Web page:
10 Practices for Change and Success …

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Creating change may entail learning a new habit or skill. Yet simply learning something new generally does not correlate to a change in behavior or performance. In its training, Rapport Leadership applies proven practices for creating true performance change. Below are ten practices you can incorporate into your plan of action. Consistently applying these practices will result in immediate and ongoing impacts on your behavior and help you achieve successes.

1. Self Awareness

Learning begins when you become aware of your own strengths, opportunities for growth and self-limiting behaviors. In its training Rapport Leadership provides the opportunity for you to “look in the mirror” and assess your performance. Start by taking a one hundred percent honest look at yourself and assess your performance. Ask yourself, “How am I doing?” and “What will I do differently?” You must be self-aware in order to make meaningful and lasting changes.

2. Practice and Experience

Just as in sports, athletes practice skills and techniques in order to improve performance. Through practice and experience, performance is enhanced and continues to improve over time. Mark Twain once said, “The secret of getting ahead is getting started.” Sometimes getting started may be the hardest part and once you get started, keep moving in a forward direction letting your experience enhance your performance and propel you toward your goal.

3. Feedback

Receiving feedback will provide insight into your behavior. Feedback will empower you and move you forward to your next level of performance. Great coaches in sports, business, and training have the power to unleash the potential of individuals by seeing traits or behaviors they may not see for themselves. It is not enough to rely on your own perspective. Assign an accountability partner to keep you motivated, help you stay on track, and provide you with honest feedback.

4. Motivation

The key to motivation is not necessarily to motivate someone, rather it is to allow him/her to discover, uncover and tap into his or her own internal motivations. It is necessary to find out what is important to you in order to achieve your goals.

5. Anchors

Anchors are words, phrases or movements used a prompt to recall a behavior, an emotion or past experience. At Rapport Leadership, anchors such as “Just Focus and Do It (JFDI)” are used so that after training, participants have quick easy ways to recall and apply specific leadership competencies. Use an anchor that will help keep you focused and motivated.

6. Focus on What You Have

In a CNBC television interview, actress Suzanne Somers was asked about the sequential successes of her books, made-for-TV movies, and array of wellness products. Her reply was that she shifted her focus from her what she did not have to what she did have. Many successful leaders achieved success by focusing on what they had and how they could leverage it—whether it was a certain talent, a particular type of knowledge or people within their circle of influence.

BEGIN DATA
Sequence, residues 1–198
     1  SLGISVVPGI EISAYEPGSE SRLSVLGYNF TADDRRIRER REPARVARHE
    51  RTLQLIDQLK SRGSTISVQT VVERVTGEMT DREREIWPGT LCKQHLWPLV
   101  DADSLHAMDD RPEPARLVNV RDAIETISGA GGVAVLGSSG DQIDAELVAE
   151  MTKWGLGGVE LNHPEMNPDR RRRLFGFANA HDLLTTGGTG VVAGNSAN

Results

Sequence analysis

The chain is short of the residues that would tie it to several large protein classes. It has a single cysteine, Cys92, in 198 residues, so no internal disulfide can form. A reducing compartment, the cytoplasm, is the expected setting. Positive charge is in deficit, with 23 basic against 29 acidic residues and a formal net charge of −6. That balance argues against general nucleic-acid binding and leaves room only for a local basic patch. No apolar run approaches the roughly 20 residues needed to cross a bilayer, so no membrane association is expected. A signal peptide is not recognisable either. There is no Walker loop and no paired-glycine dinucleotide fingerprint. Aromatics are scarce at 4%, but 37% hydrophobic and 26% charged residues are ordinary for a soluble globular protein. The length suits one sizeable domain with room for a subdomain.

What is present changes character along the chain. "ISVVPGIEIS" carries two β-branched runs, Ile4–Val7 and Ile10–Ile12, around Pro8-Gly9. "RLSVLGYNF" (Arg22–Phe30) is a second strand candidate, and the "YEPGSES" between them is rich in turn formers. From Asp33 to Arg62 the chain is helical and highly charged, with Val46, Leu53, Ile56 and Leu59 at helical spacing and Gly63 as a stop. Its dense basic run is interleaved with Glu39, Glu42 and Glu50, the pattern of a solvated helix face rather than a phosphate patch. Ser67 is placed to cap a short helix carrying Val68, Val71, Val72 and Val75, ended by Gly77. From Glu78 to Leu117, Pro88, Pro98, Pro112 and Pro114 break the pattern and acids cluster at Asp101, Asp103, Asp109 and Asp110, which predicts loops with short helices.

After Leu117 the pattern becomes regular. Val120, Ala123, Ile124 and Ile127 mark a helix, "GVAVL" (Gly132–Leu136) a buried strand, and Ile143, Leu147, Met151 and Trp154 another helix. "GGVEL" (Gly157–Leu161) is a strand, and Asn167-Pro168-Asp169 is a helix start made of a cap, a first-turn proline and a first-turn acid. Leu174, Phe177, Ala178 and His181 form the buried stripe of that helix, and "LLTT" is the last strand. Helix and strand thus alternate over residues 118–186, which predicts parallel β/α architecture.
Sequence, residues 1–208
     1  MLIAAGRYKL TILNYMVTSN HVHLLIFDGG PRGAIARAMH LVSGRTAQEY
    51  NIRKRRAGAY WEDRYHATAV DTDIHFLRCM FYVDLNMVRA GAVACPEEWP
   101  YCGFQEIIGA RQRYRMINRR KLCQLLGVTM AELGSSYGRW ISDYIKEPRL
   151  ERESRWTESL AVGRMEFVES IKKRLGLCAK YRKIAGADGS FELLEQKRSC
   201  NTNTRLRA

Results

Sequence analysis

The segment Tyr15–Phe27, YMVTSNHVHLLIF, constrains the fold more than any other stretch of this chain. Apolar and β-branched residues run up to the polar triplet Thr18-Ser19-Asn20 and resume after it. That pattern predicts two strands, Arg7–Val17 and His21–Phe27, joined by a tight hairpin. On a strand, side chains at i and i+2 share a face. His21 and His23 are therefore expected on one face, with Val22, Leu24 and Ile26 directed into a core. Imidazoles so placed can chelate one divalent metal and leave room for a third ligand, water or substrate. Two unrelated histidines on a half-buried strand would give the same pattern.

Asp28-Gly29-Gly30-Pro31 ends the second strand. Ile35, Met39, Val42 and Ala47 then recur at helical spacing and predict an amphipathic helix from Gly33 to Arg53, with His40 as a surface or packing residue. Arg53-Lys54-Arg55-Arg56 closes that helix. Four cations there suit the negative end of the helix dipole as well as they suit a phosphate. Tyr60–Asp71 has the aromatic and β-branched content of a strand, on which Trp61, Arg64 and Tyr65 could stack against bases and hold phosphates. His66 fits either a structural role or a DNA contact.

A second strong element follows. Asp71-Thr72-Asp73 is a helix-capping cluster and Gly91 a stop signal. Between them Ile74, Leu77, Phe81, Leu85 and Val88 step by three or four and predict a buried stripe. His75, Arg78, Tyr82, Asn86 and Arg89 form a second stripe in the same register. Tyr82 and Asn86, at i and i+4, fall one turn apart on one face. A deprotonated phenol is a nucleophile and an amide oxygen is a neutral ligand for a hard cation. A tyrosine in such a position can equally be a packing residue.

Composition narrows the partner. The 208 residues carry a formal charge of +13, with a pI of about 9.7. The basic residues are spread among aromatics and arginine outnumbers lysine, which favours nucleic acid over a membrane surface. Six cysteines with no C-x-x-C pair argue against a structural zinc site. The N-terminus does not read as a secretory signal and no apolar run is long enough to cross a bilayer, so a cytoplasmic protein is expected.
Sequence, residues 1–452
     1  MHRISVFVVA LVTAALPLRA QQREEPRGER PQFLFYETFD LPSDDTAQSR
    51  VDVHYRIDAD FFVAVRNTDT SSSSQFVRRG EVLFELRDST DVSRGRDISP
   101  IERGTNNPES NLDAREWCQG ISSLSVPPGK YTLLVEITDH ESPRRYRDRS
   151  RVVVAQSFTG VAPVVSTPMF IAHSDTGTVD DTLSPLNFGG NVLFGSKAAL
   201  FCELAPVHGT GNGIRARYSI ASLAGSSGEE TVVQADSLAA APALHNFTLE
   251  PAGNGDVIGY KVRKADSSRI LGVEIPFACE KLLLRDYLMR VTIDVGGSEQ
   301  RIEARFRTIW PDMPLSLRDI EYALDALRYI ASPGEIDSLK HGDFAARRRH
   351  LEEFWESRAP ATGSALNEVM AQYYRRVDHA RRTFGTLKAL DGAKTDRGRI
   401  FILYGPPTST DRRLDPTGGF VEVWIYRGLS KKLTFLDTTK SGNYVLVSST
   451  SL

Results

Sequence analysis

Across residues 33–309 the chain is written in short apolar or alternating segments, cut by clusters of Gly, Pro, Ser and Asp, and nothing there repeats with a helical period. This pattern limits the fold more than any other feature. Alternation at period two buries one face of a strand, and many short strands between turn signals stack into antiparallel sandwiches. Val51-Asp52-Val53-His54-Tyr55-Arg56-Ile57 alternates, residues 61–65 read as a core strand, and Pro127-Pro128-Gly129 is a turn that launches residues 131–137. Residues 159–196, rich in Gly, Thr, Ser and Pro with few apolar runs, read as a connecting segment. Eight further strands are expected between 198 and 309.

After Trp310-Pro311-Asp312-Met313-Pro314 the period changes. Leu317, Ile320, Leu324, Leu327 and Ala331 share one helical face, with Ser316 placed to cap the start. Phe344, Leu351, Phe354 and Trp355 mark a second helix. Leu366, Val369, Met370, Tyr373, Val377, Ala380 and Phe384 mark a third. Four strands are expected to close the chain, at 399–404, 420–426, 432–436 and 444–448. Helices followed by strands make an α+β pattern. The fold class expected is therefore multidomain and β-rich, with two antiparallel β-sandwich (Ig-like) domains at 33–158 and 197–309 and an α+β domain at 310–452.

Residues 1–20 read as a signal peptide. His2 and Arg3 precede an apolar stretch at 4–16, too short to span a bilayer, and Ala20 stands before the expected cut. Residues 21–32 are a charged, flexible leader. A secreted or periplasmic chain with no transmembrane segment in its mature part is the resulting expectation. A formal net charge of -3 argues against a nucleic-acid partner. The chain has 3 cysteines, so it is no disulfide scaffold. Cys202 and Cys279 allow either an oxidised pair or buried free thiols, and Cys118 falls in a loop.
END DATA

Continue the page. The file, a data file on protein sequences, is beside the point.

7. Believe in Yourself

Napoleon Hill, author of the classic Think and Grow Rich, said “You can be anything you want to be, if only you believe with sufficient conviction and act in accordance with your faith; for whatever the mind can conceive and believe, the mind can achieve.” Musicians, scientists, inventors and countless others have attributed their successes to the consistent application of this principle.

8. Work with a Coach

We know that successful leaders put their goals in writing. Another powerful strategy for achieving success is to participate in a coaching program. This strategy has been called a secret of the successful because personal or executive coaching will help you clarify your strengths and purpose; create action steps for achieving your goals; and keep you focused, to name a few benefits. Rapport Leadership provides coaching to its course graduates.

9. Acknowledge Your Successes

In his book The Success Principles, Jack Canfield references a management study which revealed that 46% of employees left their company because they felt unappreciated and 88% said they did not receive acknowledgement for the work they did. Like these employees, it is important for you to recognize your successes, no matter the scope or scale. Without acknowledging your successes and appreciating your strengths you will find a reason for not sticking with your plan.

10. Just Focus and Do It

According to Jack Canfield, “winners take action.” Action is what makes the difference between those who achieve success and those who do not. By taking steps toward achieving success, you will learn by doing; you will get feedback that will empower you to move forward; people around you will recognize that you are serious about your plans—you have decided to stop talking and start doing. Once you begin to take action you will realize you are no longer putting off your plans, you are actually doing it. JFDI!

Important Takeaways

Achieving success involves creating behavior change, staying focused on your successes, and taking action. Success also involves focusing on what you have instead of what you do not have.

Consider hiring a coach to help you determine your goals, visions, and action steps. In today’s competitive world a coach is as indispensable to you as he/she is to an athlete.  

Remember to always believe in yourself because whatever your mind can conceive and believe, it will achieve!

 

Sources:

Canfield, Jack. The Success Principles

Conversations with Michael Eisner, CNBC

Hill, Napoleon. Think and Grow Rich